THE SUPREME COURT WILL hear the multi-billion dollar NextWave license dispute. But they denied cert on the curious 2-1 Ninth Circuit decision that prohibited the Venetian from being able to control the casino-owned sidewalk. This will be a disappointment to tourists who were hoping to avoid the "adult-entertainment" pamphleteers that pervade the parts of the Strip that are not in front of casinos; there will now be that many more of them.
$62,000 DINNER UPDATE. You just knew the Wall Street Journal would come to the defense of the investment bankers, but I wasn't aware of or expecting the expression of ethnic pride that appears here. Fun detail: one of the six diners was a teetotalling Muslim who presumably had the $5 bottles of water.
JURY CONSULTANTS. This Recorder story is entirely laudatory. In my experience, I've seen jury consultants range from very helpful to about-as-helpful-as-a-focus-group to a useful crutch for an insecure lead counsel to pure phrenology.
SAUDI ARABIA. More from the Boston Globe on how Saudi government-run schools teach intolerance and anti-American attitudes. The Globe also has good stories on the families of the Saudi 9/11 hijackers.
THE JOY OF JOLLIBEE: Justin Slotman points me to this Economist piece on the Filipino fast-foodery Jollibee. Kibo reviews the Los Angeles version of Jollibee.
"The Producers" goes to Vienna and Berlin. (via Gary Farber)
LATE SHIFT II: ELECTRIC BOOGALOO. The latest Bill Carter reporting on the Letterman saga. Meanwhile, the Nightline staff reacts.
THIS WASHINGTON POST STORY about a journalist who switched careers and ended up caught up in the tech boom seems like a typical "I'll talk to some people I already know, and report it as a trend" job of reporting, but has some unintentional insights about how reporters view the corporate world.
Within a week, in late 1993, Stewart got his first telecom job -- director of communications for PacTel's Washington office.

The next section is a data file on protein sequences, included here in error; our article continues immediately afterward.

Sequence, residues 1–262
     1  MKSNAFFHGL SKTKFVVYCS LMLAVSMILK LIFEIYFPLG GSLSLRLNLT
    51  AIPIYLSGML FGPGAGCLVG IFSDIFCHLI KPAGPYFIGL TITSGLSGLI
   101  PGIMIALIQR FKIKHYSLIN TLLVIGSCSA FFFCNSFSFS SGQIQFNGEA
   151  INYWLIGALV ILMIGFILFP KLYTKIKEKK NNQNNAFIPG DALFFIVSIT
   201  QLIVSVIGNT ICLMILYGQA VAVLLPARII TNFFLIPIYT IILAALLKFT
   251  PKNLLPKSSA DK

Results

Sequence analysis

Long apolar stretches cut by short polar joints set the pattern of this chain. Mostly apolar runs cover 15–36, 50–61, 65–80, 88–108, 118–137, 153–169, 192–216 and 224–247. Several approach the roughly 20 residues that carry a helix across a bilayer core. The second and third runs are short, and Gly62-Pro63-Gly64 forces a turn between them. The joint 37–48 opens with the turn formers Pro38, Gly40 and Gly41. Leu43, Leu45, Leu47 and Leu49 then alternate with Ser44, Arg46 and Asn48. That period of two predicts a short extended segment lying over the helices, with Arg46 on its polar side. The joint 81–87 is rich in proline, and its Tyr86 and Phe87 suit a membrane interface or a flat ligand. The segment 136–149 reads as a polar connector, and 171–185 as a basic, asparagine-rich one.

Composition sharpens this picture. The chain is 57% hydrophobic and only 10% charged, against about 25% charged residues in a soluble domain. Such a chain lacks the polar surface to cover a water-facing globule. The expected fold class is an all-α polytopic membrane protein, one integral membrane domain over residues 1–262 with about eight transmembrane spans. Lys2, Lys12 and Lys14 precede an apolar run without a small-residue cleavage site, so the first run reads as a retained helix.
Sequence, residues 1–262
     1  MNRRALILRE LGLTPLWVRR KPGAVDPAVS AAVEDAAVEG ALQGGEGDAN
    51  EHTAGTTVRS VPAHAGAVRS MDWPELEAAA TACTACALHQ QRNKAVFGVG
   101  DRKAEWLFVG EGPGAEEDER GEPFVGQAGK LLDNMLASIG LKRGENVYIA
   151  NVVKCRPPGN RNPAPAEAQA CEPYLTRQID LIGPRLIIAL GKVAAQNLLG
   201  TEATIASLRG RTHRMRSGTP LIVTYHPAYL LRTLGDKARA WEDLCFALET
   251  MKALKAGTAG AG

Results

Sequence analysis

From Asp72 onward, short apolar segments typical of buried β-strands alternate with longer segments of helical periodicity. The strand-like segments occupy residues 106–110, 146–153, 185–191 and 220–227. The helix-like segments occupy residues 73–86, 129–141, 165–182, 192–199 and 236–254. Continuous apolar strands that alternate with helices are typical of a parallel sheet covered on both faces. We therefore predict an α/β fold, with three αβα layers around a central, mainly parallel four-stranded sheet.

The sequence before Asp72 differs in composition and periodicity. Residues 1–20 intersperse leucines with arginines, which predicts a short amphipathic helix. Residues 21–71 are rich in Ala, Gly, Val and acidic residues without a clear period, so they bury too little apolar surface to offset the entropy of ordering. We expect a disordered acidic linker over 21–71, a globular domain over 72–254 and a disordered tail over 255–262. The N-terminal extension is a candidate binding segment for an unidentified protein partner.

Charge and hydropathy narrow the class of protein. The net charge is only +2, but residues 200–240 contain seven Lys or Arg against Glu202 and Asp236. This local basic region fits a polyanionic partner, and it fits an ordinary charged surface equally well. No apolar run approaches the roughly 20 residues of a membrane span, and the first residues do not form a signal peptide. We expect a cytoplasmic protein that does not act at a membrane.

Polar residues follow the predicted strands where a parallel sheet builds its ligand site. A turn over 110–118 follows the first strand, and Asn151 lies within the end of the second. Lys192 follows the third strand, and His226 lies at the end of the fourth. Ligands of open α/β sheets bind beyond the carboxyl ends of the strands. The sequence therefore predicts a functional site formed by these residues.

Some newspaper colleagues were stunned. PR? Telecom? Many reporters liked to think of their jobs as a public service. PR, some reckoned, was more about the money. He heard gentle ribbing: Going over to the dark side? [...]

The new gig, however, took some getting used to.

For one, he had to wake up early, a foreign concept to many newspaper reporters. For another, foul language -- part of the daily lexicon of a newsroom -- didn't fly in the corporate suites.
I'd also like to know what a "double-digit salary increase" is.
THIS DISTURBING TIME magazine story on future terrorist prevention quotes an FBI official
"If you go back and look at the hijackers, they had zero contact with any known al-Qaeda people we were looking at. They didn't break laws. They didn't do anything to come to anybody's attention. Are there other people in the U.S. like that? We don't know."
This seems inconsistent with earlier reporting, such as the questions Alex Knapp asked a month ago about the Washington Post reporting. And here's the current Washington Post reporting on the subject.
KEVIN SMITH: The View Askew site has the new "Clerks" short, plus an auction site named "EJay", at least until the Ebay folks see that logo and have their attorneys write a letter.

Sunday, March 03, 2002

TEN DAYS IN SEPTEMBER: Mickey Kaus cuts down the 40,000+ word Washington Post series down to size, and notes what got left out.
MORE ON THE Beth Eggers saga. Or, meta-more, anyway.